Making waves

Uploaded 09 Apr @ 08:06am

Attwater & Sons, the industrial laminates specialist, is breaking new ground with the launch of a new resource-efficient epoxy glass and continuing traditions by extending its support of Team GB’s Olympic sailing hopefuls.

Attwater can trace its roots in the marine industry back 150 years when founder Richard Henry Attwater established his chandlery in Preston, Lancashire, selling to ships in the city’s docks. Five generations later, the family firm has worked on a wide range of marine projects, from the Titanic to Royal National Lifeboat Institution craft.
The Preston-based innovator has introduced the new G10 Quadriaxial epoxy glass to meet the needs of its customers. In traditional G10, the fibre directions are at 90o to each other. As a rule of thumb, the stiffness of a laminate at 45o to the fibre orientation drops by around one half.

The quadriaxial element solves this problem. The fibres of the laminate are not just in the warp and weft (0/90o) directions, but are also included at +/- 45o which results in increased stiffness away from 0/90o. The term quadriaxial refers to the directions of the reinforcement fibres in the laminate because they lie along four axes.
Where Attwater’s new QDX laminates excel is the fibres are laid at 45o intervals, making the epoxy glass stronger and stiffer when formed and bent at a much wider range of angles. This is particularly important for applications where there are lots of stresses on a material from different directions, such as on boats and other marine vehicles and equipment.
Attwater’s David Conlon explains: “We were approached by a customer looking for an epoxy glass system that could offer improved structural characteristics within the marine environment. In Attwater QDX laminates, the layup of the glass fibres solves this problem, meaning a better balance of mechanical properties in all directions.
“Historically, these components had been produced by hand layup and resin infusion, which is a very manual, time consuming, and messy process. Our new innovation provides the strength and durability as standard, which saves time, effort and resources. Not to mention improved Health & Safety and reduced PPE requirements.”
Meanwhile, Attwater subsidiary Custom Composites has announced a renewed collaboration with Team GB sailors Will Alloway and Henry Lloyd-Williams in their pursuit of gold medals at Tokyo 2020.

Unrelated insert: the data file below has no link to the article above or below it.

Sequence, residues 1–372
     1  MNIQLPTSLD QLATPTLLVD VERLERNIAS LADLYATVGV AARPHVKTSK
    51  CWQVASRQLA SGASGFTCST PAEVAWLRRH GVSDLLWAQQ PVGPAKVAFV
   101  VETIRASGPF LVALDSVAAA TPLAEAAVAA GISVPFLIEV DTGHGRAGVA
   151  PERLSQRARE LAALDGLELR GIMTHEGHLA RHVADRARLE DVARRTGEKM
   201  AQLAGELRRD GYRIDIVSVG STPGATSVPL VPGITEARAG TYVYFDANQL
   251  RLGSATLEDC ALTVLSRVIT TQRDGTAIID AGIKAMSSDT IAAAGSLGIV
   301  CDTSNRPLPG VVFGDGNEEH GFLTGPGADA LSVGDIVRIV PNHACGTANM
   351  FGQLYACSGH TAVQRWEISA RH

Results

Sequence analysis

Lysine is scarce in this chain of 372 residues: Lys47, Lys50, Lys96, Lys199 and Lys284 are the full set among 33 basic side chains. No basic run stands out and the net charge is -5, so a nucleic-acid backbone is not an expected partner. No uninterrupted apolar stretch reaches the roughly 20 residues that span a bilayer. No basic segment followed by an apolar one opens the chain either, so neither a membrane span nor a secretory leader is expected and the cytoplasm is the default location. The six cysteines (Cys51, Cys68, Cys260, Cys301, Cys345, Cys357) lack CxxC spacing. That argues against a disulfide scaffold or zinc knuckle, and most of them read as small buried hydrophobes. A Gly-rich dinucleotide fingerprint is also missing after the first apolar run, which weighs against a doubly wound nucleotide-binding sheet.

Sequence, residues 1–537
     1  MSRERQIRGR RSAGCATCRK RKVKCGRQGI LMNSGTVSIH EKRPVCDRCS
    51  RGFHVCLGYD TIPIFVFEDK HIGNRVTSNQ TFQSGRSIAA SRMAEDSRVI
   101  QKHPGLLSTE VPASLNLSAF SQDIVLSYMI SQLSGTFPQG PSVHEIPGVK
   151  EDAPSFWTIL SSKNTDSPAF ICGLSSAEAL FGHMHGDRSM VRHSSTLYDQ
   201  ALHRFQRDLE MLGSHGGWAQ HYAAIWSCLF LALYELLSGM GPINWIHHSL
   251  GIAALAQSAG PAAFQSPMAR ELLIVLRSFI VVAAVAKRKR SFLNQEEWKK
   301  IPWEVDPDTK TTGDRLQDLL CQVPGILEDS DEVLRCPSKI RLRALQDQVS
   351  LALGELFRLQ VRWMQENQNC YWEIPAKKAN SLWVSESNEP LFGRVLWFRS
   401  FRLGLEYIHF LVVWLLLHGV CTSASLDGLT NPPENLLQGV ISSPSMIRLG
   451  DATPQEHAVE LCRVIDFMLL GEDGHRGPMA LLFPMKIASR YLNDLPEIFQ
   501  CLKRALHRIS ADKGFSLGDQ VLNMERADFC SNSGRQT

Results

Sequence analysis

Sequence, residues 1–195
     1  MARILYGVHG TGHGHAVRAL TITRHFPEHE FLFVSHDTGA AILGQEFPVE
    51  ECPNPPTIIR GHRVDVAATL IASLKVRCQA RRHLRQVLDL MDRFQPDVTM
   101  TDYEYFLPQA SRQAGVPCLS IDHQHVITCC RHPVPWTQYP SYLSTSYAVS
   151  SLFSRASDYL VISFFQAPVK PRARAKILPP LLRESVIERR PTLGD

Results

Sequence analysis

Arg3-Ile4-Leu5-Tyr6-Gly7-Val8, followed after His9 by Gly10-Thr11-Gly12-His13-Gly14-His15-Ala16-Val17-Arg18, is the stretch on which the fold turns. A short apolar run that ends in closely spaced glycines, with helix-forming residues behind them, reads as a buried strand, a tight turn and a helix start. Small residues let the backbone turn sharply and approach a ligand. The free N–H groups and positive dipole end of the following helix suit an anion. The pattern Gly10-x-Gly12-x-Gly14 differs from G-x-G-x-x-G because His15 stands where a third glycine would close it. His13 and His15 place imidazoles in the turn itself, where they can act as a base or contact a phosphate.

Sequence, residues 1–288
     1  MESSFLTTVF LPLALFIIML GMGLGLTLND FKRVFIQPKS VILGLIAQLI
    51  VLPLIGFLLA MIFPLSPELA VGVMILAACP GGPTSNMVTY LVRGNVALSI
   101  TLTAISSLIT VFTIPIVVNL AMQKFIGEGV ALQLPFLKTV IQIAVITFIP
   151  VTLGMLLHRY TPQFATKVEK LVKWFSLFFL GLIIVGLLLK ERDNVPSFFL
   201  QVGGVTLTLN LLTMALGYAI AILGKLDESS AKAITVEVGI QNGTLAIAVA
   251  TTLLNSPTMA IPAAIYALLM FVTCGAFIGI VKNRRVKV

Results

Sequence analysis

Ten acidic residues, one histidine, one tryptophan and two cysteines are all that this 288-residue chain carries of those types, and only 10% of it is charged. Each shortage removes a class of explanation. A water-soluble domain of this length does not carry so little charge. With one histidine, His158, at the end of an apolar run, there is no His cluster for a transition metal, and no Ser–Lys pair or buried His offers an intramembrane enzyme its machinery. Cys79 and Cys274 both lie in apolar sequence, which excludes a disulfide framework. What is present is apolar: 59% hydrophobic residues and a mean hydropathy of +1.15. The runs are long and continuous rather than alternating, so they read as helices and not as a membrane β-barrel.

The company has worked with, and supported, British Olympic contenders in previous Olympic games, producing tiller extensions that helped Sir Ben Ainslie’s crews score gold in both 2008 and 2012.

Will Alloway of Team Lloyd Williams-Alloway says: “In early 2016, we set out to find a high-quality carbon fibre specialist for our 2020 Olympic campaign. We are thrilled to welcome on board Custom Composites as our main supplier for carbon fibre equipment. After several R&D sessions and prototypes, we have created what we believe to be the ultimate tiller extension in terms of weight, stiffness and grip.”
Attwater’s David Conlon adds: “We are very proud of the hard work the team has put in both on and off the water throughout the year, flying the flag for Custom Composites and Attwater Group at the various race events around the world.”

He continues: “Another gold medal would be the perfect addition to our company history. After conducting several R&D sessions early in the year we looked at ways we could improve upon the existing carbon tiller extension, and I am proud to say we got it to a point where the team felt it was as good as it could be.
“But just as we are always seeking out the next innovation, Will and Henry already have one eye on next year’s competition, and we have already begun talking refining the carbon fibre extensions we provide still further, to beat the very high bar we already set.”

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